Mallet Pinball: Behind the scenes

About a year ago I wrote an article about the early days of the pinball table, now after several mothballed months it’s done and here is how it works.

The basic control setup

A GVMachineController actor is on the map and a kismet node makes sure that the player takes control of it when the level loads. After that, all input is processed by the machine which then adjusts linked actors (changes position, rotation, etc). For example here is how the right flippers are set up:

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Mallet Pinball

This pinball-air hockey mashup was the very first prototype I created using Gavit. I worked on it every now and then, pimped the effects, tested Gavit’s new features and so on, until it was worth of a video:

The technical details are discussed in this “behind the scenes” article.

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Guided rigid bodies

I previously discussed replaying user input and in this article I’ll cover a related feature: recording and replaying rigid body motion.

The basics are quite simple: dump transformations of a physics driven actor to a file and then convert that data into a matinee, like before. However simply replaying the motion track with a mover has an inherent problem: impact and slide effects, defined in physical materials, won’t happen because no actual collisions occur. All the special effects (impact dust puff, damage decals, sparks, etc) would need to be placed and timed manually. That would be a bad workflow. Fortunately the solution is rather straightforward:

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Multi-pass performance recording and replay

I’ve just finished the first iteration of the performance recording and replay mechanics in Gavit: now user actions can be captured and turned into a matinee using an external application.

Let’s say there is a fire truck which is a “machine” in Gavit. The truck has two main, controllable features: the body which can be driven around and the water cannon which can be aimed and fired. These translate to “machine components” inside the machines: each component monitors one particular input (like x360 left stick or the mouse). In this example the vehicle itself could react to the left stick while the water cannon to the right one.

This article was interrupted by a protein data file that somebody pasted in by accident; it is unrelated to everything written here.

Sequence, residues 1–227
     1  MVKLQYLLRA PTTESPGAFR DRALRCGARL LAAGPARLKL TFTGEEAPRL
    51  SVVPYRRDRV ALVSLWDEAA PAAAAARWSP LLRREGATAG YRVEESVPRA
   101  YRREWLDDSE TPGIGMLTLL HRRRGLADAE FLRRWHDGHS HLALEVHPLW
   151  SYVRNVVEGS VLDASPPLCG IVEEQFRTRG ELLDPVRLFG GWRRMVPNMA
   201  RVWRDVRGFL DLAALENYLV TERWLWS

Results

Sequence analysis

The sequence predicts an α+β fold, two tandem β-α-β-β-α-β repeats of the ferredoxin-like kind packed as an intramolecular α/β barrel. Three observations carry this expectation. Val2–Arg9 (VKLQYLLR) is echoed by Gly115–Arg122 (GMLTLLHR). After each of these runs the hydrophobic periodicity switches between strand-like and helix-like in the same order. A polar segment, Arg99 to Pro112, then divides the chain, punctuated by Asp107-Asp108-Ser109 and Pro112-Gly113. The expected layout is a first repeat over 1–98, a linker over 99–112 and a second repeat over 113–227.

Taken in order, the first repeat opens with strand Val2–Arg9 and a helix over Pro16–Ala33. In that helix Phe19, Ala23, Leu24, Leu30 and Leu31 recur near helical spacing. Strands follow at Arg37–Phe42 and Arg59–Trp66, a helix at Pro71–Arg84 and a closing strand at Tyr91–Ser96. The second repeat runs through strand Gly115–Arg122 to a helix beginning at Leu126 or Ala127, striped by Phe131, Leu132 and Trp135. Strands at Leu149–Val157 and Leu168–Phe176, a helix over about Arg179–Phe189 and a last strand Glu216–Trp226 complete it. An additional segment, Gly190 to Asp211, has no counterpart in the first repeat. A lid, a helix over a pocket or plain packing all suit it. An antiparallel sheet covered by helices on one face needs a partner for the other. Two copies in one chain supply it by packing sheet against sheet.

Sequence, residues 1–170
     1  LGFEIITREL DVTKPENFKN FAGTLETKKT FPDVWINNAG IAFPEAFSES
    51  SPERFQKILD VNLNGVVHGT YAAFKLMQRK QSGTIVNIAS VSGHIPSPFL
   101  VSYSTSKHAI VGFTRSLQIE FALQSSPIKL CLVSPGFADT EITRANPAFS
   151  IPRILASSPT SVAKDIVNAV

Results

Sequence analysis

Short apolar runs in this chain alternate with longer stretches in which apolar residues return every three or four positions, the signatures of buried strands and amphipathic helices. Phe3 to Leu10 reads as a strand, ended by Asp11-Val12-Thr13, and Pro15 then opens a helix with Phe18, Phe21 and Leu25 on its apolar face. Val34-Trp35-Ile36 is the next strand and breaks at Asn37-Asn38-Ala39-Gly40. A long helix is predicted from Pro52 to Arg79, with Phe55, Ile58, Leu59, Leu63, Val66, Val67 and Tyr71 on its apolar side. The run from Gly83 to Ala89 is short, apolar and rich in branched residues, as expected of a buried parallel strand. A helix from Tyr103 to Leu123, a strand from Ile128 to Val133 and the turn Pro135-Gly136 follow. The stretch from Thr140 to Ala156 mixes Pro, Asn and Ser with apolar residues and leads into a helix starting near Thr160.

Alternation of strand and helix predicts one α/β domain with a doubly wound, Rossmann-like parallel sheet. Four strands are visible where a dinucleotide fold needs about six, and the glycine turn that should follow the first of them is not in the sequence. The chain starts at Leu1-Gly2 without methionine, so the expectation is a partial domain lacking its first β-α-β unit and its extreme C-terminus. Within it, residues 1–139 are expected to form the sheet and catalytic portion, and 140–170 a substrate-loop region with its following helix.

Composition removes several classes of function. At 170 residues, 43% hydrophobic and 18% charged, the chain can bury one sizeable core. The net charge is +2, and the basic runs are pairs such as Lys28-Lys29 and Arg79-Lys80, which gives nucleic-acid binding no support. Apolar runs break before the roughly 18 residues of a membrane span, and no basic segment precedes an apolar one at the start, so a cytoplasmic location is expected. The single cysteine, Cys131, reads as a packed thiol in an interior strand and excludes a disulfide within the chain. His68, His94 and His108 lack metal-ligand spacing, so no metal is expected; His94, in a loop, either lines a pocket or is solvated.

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Fire showcase: Behind the scenes

In this article I’ll discuss the key features of the Fire material showcase video.

When I started working on the material I had the following goals in mind:

  1. Support for fires of different scales, from a single flame to massive fires.
    On the long run it’s more efficient to maintain and learn to use one material instead of several single purpose ones.
  2. High texture resolution with smooth animation.
    My target is usually 720p@60Hz and that ruled out flipbooks which don’t scale up well resolution and framerate wise.
  3. Adjustable complexity, visual quality vs performance tweaking.

Fulfilling these core requirements was simple enough after some experimentation and I ended up spending most of the time on optimizing and making the controlling parameters easy to handle.

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Fire material showcase

This latest video shows a fire material I made:

(Watch it in HD on Vimeo)

The base mechanic works for both meshes and particles, can be used for fires of different scales (from candle flame to forest fire) and the material’s complexity can be adjusted. More details are in the “behind the scenes” article.

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